11 February 2021
A recent briefing published by the European Council on Refugees and Exiles (ECRE) examines in detail the recent proposal to revamp Eurodac, which was originally set up to hold the fingerprints of asylum-seekers and limited categories of 'irregular' migrants. Following changes in 2013 to give police access to the system, more recent proposals will expand its scope even further, with the aim of serving "wider immigration purposes".
The text below is an excerpt from the introduction of the full report, which can be found here: Transforming Eurodac from 2016 to the New Pact: From the Dublin System’s Sidekick to a Database in Support of EU Policies on Asylum, Resettlement and Irregular Migration (link to pdf)
The author, Dr Niovi Vavoula, spoke about this topic at a recent event hosted by Statewatch and the Transnational Institute: Deportation Union: databases for expulsions, which can be viewed online here.
Eurodac, which stands for European Dactyloscopy, is an EU-wide information system that primarily processes the fingerprints of asylum seekers and certain categories of irregular migrants. Operational since 2003, Eurodac constitutes the EU’s first experiment with biometric identifiers and was designed to assist in the implementation of the Dublin system for the determination of the Member State responsible for examining an application for international protection. Eurodac is thus an important – yet relatively underexplored – tool of the Common European Asylum System (CEAS). The current legal basis of Eurodac is Regulation 603/2013 (recast Eurodac Regulation), which entered into force in July 2015. The recast Eurodac Regulation replaced Regulation 2725/20003 to enable law enforcement authorities and Europol to access under specific conditions Eurodac fingerprints for the purpose of preventing, detecting and investigating terrorist offences and other serious crimes.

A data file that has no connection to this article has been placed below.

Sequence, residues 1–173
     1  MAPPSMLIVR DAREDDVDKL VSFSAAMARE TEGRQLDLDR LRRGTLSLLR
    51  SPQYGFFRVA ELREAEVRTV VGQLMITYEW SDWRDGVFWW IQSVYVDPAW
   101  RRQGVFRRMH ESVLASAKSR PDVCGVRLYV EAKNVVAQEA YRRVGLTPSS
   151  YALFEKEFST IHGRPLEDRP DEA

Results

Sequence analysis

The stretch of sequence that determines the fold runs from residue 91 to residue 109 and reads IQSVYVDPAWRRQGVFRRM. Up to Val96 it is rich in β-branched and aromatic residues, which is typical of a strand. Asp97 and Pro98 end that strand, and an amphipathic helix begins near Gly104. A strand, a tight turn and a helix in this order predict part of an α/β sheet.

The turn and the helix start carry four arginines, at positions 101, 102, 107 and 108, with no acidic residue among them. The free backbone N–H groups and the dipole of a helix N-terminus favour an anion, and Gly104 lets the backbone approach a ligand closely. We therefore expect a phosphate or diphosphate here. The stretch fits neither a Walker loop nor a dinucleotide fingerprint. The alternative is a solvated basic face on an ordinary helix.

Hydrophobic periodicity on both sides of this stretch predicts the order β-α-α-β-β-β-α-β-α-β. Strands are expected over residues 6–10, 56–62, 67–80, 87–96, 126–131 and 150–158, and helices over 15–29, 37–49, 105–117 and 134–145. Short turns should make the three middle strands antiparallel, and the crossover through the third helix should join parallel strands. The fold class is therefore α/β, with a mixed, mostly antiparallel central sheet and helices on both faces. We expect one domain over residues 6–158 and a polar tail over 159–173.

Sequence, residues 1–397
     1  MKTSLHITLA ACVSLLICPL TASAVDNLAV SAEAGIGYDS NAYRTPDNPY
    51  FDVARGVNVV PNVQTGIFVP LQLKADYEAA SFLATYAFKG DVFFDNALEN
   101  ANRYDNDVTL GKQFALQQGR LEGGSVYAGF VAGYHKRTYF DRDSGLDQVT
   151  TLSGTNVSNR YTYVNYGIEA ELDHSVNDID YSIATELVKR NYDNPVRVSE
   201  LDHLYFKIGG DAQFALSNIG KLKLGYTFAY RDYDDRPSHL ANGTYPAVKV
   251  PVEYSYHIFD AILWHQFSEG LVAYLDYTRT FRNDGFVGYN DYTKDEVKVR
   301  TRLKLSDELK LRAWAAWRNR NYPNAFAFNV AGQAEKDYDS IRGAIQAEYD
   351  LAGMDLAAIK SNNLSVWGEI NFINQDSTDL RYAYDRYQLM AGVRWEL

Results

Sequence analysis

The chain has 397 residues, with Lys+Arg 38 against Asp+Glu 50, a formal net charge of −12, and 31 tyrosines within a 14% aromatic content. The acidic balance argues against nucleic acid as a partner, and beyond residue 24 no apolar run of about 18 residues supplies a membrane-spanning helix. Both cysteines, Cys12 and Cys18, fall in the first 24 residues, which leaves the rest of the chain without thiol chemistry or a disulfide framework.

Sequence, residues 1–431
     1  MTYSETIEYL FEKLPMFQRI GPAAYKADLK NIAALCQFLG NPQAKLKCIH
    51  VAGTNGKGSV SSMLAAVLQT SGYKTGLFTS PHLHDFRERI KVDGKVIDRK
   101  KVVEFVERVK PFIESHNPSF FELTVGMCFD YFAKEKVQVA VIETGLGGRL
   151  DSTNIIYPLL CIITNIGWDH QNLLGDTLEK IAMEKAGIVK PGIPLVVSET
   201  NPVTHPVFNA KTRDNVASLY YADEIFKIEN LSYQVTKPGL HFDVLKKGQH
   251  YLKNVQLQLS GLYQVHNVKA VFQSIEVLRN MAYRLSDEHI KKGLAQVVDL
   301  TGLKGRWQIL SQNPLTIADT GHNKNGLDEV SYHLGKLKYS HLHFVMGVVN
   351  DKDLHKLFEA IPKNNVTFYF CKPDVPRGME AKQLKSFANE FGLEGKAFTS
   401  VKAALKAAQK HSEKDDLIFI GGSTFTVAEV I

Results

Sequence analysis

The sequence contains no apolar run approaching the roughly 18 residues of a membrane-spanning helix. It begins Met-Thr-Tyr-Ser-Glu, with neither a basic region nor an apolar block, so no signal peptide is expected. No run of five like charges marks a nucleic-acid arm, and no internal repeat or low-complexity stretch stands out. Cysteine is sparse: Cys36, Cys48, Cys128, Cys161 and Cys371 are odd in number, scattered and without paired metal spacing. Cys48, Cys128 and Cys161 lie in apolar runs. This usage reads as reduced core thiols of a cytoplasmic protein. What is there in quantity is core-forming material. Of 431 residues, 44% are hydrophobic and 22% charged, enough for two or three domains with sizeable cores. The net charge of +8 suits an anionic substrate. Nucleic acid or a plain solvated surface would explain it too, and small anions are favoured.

On 4 May 2016, the Commission adopted a recast Eurodac proposal4 in the framework of revising the CEAS-related legal instruments.5 The proposal essentially detached Eurodac from its asylum framework and re-packaged it as a system pursuing “wider immigration purposes”. On 23 September 2020, the Commission proposed further amendments to the Eurodac regime within the framework of the New Pact on Migration and Asylum. The amended proposal prescribes several amendments to the functionalities of Eurodac both in the framework of CEAS and migration control and in an interoperable environment, whilst taking into account the 2018 interinstitutional agreement between the Council and the Parliament.
Against this background, the aim of this paper is to take stock of the forthcoming changes in the Eurodac legal framework, both those arising from the 2016 Proposal as well as those that emerged during the interinstitutional negotiations on that proposal, and then to analyse the fundamental rights implications of the amended Eurodac proposal of September 2020. The analysis is focused on the impact of the proposal on the rights to respect for private life (Article 7 of the EU Charter of Fundamental Rights), protection of personal data (Article 8 of the Charter), the rights of the child (Article 24 of the Charter), and the right to asylum (Article 18 of the Charter). The paper is aims to provide a framework to inform policy-making.
To that end, this paper first provides a concise overview of the current Eurodac rules, as envisaged in the recast Eurodac Regulation (Section 2). Then, Eurodac is situated within the broader legal framework of EU-wide information systems in the AFSJ (Section 3), so as to provide the necessary contextual framework within which the Eurodac reforms are placed. Section 4 analyses the 2016 proposal, including the changes flowing from the negotiating process. Section 5 examines the proposed reforms to Eurodac as laid down in the 2020 proposal, in the light of the protection of fundamental rights. A conclusion summarises the findings of the research and provides for a series of policy recommendations"
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